South America - Bolivia, Peru, The Andes, Ecuador and Chile
Male (Macho) / Female (Hembra / Dam)
up to 400 Ibs
up to 6ft at the head
The Llama claims to have the largest population of domestic South American Camelids, with 63% being in Bolivia. In 2007 a census assessed there were 7 million llamas in South America.
On the 13th May 2010, Old MacDonald's Farm welcomed, Elliot, Hugo, Tarzan, Manuel and Mozart to their new home! It didn’t take long before they all settled in well and it appears that Manuel is leader of the pack!
There are 4 types of Llama, the Ccara, Curaca, Lanuda and Tampuli. The alpaca is a common relative with the same origin. However, the llama is much taller and generally larger, with a longer head and distinctive banana shaped ears.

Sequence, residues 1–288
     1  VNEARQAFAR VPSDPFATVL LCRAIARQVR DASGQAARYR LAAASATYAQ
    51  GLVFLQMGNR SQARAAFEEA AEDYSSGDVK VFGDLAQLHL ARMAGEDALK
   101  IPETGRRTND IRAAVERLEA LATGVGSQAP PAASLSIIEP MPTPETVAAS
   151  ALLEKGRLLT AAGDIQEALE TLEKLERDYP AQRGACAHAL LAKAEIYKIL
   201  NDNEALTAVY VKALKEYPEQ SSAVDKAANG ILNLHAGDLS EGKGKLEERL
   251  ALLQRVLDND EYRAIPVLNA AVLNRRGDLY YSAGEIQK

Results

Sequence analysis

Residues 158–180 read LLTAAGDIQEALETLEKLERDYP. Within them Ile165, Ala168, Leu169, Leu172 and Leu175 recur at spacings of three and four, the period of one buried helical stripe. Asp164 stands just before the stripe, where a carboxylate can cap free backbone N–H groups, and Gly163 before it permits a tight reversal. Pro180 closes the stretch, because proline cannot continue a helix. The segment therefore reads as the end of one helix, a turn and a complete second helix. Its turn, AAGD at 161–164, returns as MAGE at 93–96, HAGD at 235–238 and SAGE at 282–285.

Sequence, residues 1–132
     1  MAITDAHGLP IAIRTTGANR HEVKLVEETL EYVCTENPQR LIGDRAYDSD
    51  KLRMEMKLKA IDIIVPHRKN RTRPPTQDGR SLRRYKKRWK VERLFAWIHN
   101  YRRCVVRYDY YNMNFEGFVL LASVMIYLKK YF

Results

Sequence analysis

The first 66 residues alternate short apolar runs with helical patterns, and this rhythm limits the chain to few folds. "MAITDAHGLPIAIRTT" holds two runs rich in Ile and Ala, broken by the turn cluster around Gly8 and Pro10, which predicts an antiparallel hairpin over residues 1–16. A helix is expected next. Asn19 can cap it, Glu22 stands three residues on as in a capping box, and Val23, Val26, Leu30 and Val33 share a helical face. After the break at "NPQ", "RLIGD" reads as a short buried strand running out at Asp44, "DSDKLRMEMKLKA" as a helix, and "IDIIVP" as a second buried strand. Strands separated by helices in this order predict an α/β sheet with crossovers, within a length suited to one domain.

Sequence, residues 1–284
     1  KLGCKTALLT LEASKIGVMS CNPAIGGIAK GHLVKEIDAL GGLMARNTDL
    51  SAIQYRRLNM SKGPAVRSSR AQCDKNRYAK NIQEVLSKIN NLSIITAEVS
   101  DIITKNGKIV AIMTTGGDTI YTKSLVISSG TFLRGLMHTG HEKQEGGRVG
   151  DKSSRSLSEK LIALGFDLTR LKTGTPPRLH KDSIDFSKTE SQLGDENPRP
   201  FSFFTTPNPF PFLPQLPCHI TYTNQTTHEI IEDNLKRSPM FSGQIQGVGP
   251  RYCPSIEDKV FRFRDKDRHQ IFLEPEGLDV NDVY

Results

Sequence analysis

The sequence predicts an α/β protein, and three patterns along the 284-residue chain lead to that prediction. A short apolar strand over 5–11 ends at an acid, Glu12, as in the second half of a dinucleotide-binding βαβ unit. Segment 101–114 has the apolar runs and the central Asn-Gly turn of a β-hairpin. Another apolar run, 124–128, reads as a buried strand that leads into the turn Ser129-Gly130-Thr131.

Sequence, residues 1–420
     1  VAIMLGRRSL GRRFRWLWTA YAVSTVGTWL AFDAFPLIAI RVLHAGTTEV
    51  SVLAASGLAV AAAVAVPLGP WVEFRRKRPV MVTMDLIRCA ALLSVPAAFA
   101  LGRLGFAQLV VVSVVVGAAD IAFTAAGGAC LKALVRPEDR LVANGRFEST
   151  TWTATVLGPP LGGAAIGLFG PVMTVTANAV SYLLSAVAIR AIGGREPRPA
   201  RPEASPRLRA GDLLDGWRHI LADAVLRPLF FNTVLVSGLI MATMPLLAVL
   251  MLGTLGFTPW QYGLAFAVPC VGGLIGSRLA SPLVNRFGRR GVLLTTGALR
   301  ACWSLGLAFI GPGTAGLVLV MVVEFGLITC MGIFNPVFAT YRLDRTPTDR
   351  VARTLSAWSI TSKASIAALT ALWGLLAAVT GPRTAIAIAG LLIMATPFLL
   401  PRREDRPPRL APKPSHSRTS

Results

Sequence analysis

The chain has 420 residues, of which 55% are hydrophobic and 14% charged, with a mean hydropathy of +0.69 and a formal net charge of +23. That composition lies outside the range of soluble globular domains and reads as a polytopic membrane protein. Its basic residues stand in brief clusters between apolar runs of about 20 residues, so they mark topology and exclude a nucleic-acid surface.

Llamas were domesticated some 6000 years ago, by the Ancient Inca people of Peru. They are still very popular.
Llamas are very useful animals they can be used to carry loads, pull carts and protect herds of sheep from predators.The llama, like the donkey, is also known as the ‘Beast of Burden’.
The Spanish Empire, following their invasion of South America in 1528, used llamas to transport ore and other precious materials down from the mountains.
Llama’s, like sheep, are farmed for their fleece.